Many people would probably wonder, why make your own bread when it’s so readily available, and relatively cheap, at the grocery store? Why go through all that hassle? The short answer is that it tastes better. If you’ve ever had homemade bread before, you know that none of the cellophane-wrapped breads that you find in a grocery store aisle can compete with it. Now, if I lived in France and could walk down to the local bakery for fresh bread every morning, this would be a different story. I would have absolutely no reason to make my own (other than for the fun of it). I don’t remember ever tasting a bad loaf of bread in France, but that’s because the French take their bread very seriously (almost as seriously as their cheese). The man I mentioned earlier, Mr. Lionel Poilâne took over his father’s baking business in the 70s, and was so successful that he became a sort of bread celebrity in France. His bread, known as “Pain Poilâne,” is equally well-known and coveted throughout France. Mr. Poilâne was so famous that when he died in a helicopter crash in 2002, it was all over the French news, and the country mourned his death. That’s how seriously we take our bread in France. Luckily, Pain Poilâne continues to live on, thanks to Poilâne’s daughter, a Harvard grad, who has taken over the family business. No, my bread will probably never reach the level of Poilâne’s but, it’s worth a try.

Other than taste, my reasons for making my own bread are:
  1. I’m all about making things from scratch, so why not bread too?
  2. I like knowing what goes into my bread. When I started looking at labels and saw how many unpronounceable ingredients go into bread, I became a bit wary of it and started thinking about making my own. Bread really only needs a handful of ingredients, so I don’t know what all those other ones are doing there.
  3. I specifically want to avoid eating foods containing high fructose corn syrup, which is in almost any of the processed foods on our grocery store shelves these days. I wasn’t too surprised to see it in things like soda, fruit juice, and cereal bars, but was shocked to see it in my bread!!
  4. I can be creative with it, and add sunflower seeds, flax seeds, or different combinations of flours to see what works best. That’s fun for me.
  5. It’s true that bread is fairly cheap at the grocery store, but it really does save me money to make my own. Especially since I would be buying organic, whole wheat bread, which would probably require that I go to a health food store and spend more money. By making my own, I can use organic ingredients that will make many loaves of bread for a fraction of the cost of a comparable loaf at the store.
  6. I can control where my ingredients come from, and try to keep them as local as possible. The closest source of whole wheat flour I’ve found is Bob’s Red Mill brand, which is based in Oregon. I’m also working on joining a grain CSA based out of Davis, CA, but haven’t been able to coordinate that yet.

So now, onto the actual bread-making process. I recommend that you start by trying to make white bread until you get the hang of it, since this is much easier to pull off than wheat bread. The best explanation and recipe I have found for a basic loaf of white bread is from a post on The Simple Dollar. He has some great pictures on there of each step involved in the bread-making process. I used this recipe the first several times I made bread, and they all came out beautifully.

The tough part came when I decided to try making whole wheat bread. I tried just substituting some of the white flour for whole wheat flour, and each time, I ended up with a brick-like loaf of dense “bread.” It’s just hearty, right? No, it really wasn’t very tasty. I was ready to give up, when a friend of mine suggested that I try adding gluten flour to the bread. She said that our flour contains less gluten than it used to, because many people have gluten allergies these days, but that it’s a necessary component to a good loaf of bread. So I visited my neighborhood health food store, found the gluten, and voila! A miracle. The bread has turned out perfectly every time. Over several trials, I developed a recipe that I like, that makes great sandwich bread, and wonderful tartines.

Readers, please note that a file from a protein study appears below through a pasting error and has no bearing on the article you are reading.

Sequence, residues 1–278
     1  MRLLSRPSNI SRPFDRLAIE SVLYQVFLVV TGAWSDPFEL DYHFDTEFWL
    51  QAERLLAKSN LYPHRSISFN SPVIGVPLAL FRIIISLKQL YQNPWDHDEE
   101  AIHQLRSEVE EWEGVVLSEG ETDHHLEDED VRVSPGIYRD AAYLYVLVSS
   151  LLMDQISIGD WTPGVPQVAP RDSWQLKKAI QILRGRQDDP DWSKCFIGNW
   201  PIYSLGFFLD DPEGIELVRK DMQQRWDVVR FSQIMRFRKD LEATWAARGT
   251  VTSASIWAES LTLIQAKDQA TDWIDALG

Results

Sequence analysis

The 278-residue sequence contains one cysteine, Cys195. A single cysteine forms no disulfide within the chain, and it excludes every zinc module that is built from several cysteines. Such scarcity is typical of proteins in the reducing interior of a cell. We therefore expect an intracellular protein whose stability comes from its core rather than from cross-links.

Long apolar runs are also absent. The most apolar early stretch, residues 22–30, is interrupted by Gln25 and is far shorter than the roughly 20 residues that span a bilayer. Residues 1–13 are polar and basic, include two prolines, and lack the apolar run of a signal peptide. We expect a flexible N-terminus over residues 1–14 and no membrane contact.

Here is the recipe I’ve been using:
1 c. warm water (100-110 degrees F)
2 tbsp. honey
1 tsp. live active yeast
1/3 c. milk
1 tbsp. melted butter
1 tbsp. olive oil
1 tsp. salt
1 c. all-purpose white flour
2 c. whole-wheat flour
5 tbsp. + 1 tsp. gluten flour
1/2 c. sunflower seeds
I use my Kitchen Aid to mix and knead the bread, so I will write up the recipe with that in mind. However, you can make it just by mixing the dough with a wooden spoon, and then kneading it with your hands.
  • Warm the bowl you will be using by rinsing it with hot water. Add the first 7 ingredients to the bowl, and mix them a little so that they’re combined, and the salt, honey, and yeast are dissolved.
  • Add 1 c. of white flour, 1 c. of wheat flour and 3 tbsp. of gluten flour to the bowl. Using the paddle attachment, mix this on low speed for about 2 minutes.
  • Next add 1/4 c. of whole wheat flour, and mix for 1 minute.
  • Add another 1/4 c. of whole wheat flour, with 1 tbsp. of gluten flour, and mix for 1 minute. Do this two more times, adding whole wheat flour in 1/4 c. increments, with the last 1 tbsp + 1 tsp of gluten flour. Let the dough mix for 1 minute each time you add flour.
  • Switch to the dough hook attachment. Add 1/2 c. of sunflower seeds, and turn the mixer on low speed for 10 minutes.
  • Spray another large-ish bowl with canola spray, or olive oil spray. Remove the dough, form a nice ball with it, and put it in the newly sprayed bowl. Cover it with a clean kitchen towel, and set it aside to rise on the countertop. Here is where I made my mistakes when I first started making bread. The dough needs to rise in a warm place, but it does not need to be too warm. I used to put it in the oven on the “keep warm” setting. This turned out to be way too warm, and killed the yeast, giving me a brick. Just set it aside, and let it rise for 1 hour to 1-1/2 hours. Basically, until it doubles in size.
  • Spray a loaf pan with cooking spray. After the dough has risen, punch it down, and shape it into a long, flat rectangle. You don’t need to knead it much, just push it down a few times with your fists. This will do just find. Once it’s in a flat rectangle shape, roll it into a log, and place it, seam side down, in the loaf pan. Once again, cover it with the clean kitchen towel and let it rise for about an hour.
  • Preheat the oven to 400 degrees. Once your dough has risen, carefully put it in the hot oven. Bake for 28-30 minutes. I usually check it after about 25 minutes, and let it bake for another few minutes. 28 minutes seems to be the magic number in my oven, but will vary from oven to oven.
  • Take the bread out of the oven and immediately take it out of the pan. It should sound hollow when you tap the bread if it’s ready. Let it cool on a cooling rack.
  • Cut off a slice, and enjoy with your favorite tartine topping. My personal fav is a little butter with some honey drizzled on top. Delicious!